This week for New Comic Book Day, we’re kicking things off with the fantastic Aliens: Dead Orbit, just in time for Alien Day! However, that’s not all we’ve got for you as this week also brings us Old Man Logan fighting through space and time and a coming of age Supergirl story.
As always, this is just a sample of the new books out this week; you can check out everything that came out this week on our website.
Check out our other blog articles so see our thoughts on other books. Be sure to comment or share our post on Facebook or Twitter if you like our articles!
SPOILER ALERT — We try to keep from posting spoilers, but one may sneak through to our reviews now and again. Read with caution, true believers.
Aliens: Dead Orbit #1
By: James Stokoe
Gonna be upfront and honest here. I’ve been looking forward to this before any artwork was shown. Knowing James Stokoe from his other works, like Orc Stain and Godzilla – Half Century War, I knew this was going to be a fest for the eyes. I love Stokoe’s style. That high color and tiny scratchy detail make it a pleasure to look at. It’s also good that he’s an excellent storyteller.
This is a new cast of characters on a new ship above a new planet, which makes it an easy jumping on point for anyone. Even if you’ve never seen Ridley Scott’s classic Alien film, you can still buy this comic and enjoy it. Although watching the film will help in understanding the horror of these creatures, it’s not a necessity.
From this first issue, Dead Orbit looks to be an exciting slow-paced thriller. We all know what the Xenomorphs are capable of. We know what they can do, but can you watch while someone else finds out? [Martin M. at TFAW.com]
By: Jeff Lemire, Eric Nguyen
Jeff Lemire’s final arc of Old Man Logan has been a fantastic read so far. Old Man Logan #22 continues that streak by providing another solid story. In this issue, Logan finds himself transported back to his first fight with Hulk and Wendigo. The setting gives Lemire an opportunity to present some new twists to this story that any Wolverine fan will love.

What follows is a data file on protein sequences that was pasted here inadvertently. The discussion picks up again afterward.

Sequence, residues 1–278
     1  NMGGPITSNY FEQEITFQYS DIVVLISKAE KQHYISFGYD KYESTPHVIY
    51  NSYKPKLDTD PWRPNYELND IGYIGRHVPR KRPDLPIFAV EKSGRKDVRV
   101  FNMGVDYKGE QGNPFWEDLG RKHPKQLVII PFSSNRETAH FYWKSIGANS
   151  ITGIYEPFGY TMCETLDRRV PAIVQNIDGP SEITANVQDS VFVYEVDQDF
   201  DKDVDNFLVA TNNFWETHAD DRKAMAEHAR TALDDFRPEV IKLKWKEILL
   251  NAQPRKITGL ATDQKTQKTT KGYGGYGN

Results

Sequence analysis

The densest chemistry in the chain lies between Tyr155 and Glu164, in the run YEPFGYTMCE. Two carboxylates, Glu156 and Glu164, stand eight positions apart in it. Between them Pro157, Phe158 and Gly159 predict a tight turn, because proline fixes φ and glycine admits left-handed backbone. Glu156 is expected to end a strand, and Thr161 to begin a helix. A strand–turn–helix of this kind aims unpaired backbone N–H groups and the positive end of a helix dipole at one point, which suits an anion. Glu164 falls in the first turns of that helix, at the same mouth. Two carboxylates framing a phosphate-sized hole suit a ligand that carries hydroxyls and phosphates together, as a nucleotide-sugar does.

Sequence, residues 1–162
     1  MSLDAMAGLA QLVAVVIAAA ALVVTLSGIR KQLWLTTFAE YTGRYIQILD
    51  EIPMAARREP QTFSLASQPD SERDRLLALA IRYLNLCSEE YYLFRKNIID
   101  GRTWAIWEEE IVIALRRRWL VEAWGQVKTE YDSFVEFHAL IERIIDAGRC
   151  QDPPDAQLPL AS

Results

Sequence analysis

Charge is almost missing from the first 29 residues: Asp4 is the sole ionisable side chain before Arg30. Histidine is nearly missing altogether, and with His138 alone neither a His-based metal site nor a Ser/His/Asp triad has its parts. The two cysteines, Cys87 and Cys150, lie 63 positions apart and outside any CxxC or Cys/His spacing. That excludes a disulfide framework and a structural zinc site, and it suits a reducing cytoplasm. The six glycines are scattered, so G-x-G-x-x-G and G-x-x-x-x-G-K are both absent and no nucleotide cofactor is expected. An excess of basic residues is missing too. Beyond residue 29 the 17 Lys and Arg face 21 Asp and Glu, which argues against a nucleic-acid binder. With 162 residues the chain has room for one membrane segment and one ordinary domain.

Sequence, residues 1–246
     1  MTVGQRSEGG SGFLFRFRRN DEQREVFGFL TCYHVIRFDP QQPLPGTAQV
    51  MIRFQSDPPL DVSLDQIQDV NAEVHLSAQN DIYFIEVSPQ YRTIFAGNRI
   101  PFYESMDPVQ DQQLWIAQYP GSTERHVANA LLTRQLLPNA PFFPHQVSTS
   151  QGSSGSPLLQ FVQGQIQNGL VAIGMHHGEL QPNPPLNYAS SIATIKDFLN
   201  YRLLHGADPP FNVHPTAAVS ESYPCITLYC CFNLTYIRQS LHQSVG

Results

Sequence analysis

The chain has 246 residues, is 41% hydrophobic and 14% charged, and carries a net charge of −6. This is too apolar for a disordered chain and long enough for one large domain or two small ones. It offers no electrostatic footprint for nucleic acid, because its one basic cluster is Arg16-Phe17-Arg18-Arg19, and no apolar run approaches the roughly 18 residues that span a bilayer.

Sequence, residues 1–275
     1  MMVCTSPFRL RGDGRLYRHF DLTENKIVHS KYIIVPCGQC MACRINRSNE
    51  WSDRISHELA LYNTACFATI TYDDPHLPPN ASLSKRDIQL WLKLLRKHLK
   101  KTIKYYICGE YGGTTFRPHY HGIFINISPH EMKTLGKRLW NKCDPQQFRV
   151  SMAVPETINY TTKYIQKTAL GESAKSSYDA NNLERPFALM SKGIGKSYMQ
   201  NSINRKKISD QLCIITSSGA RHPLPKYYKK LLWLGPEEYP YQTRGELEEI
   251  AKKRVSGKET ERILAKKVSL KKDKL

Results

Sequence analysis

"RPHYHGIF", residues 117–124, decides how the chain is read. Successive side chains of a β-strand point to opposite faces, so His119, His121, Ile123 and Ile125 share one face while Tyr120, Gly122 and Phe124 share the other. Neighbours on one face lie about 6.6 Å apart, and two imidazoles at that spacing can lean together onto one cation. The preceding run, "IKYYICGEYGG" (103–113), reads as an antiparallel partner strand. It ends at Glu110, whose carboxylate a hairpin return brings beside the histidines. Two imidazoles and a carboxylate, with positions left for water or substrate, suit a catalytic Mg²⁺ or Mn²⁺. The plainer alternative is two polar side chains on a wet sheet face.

The art by Eric Nguyen is impressive and you’ll have no problem following the action. His run on Old Man Logan has been a treat and I’d love to see him on future Marvel books.
The Past Lives arc has been one of Lemire’s best stories and you won’t want to miss an issue. I can’t wait to see how it all ends. [Josh P. at TFAW.com]
By: Mariko Tamaki, Joëlle Jones
It’s not easy being super, as Kara Danvers can likely attest to. In this third issue, Mariko Tamaki continues to tell a brilliant coming-of-age story. In fact, the story feels like it would make the perfect vehicle for a new Supergirl movie.
Surprisingly, the book asks more questions than it answers. However, I’m confident that Tamaki can pull off a solid landing in the final book.
The art by Joelle Jones is still fantastic. Jones and Tamaki make an amazing team that I’d like to see tackle more DC books in the future.
It’s a shame that Supergirl: Being Super is only four issues long, as this miniseries is one of DC’s best. If you’ve yet to check out this comic, you’re missing out on one of the hottest books DC is currently putting out. [Josh P. at TFAW.com]
What did you think of these books? What should we review next week? Let us know below!
If all of that sounds confusing, you’re not alone. Moon Knight has never been the most accessible hero. And it’s not the sort of thing we expect from Marvel with his demigods, billionaire heroes and voluptuous vixens.
In writer Jeff Lemire’s hands, the book feels like a title from an independent publisher, not mighty Marvel. Instead of giving you straightforward answers about Moon Knight and his situation, he gives a partial answer, but then raises more doubts and questions. While that could come off as frustrating, in Lemire’s hands it’s gold.
Amazing too is the issue’s artwork. Tapping four different artists, Moon Knight 5 takes us on a journey where each flip of the page brings the reader to a different reality with completely distinctive feels. As many colorists also contribute to the mood – giving you the feeling you’re reading four different – but amazing – books.
As the last installment in the initial story arc, Lemire gives us a satisfying conclusion yet few answers. That’s no easy task, and sets up his challenge as he starts the second arc (where our hero will produce a big budget movie about Moon Knight).
So if you are a fan of straightforward superhero storytelling, this is a title to skip. But if you are looking for a flawed hero, great writing and artwork as well as a mystery with more layers than an onion, Moon Knight may be your thing.
Moon Knight #5, Marvel Comics, Released Aug. 3, 2016, Written by Jeff Lemire, Art by Greg Smallwood, Wilfredo Torres, Francesco Francavilla and James Stokoe, Color by Jordie Bellaire, Michael Garland, Francesco Francavilla and James Stokoe, Lettering by VC’s Cory Petit; $3.99.
Review by Tom Smithyman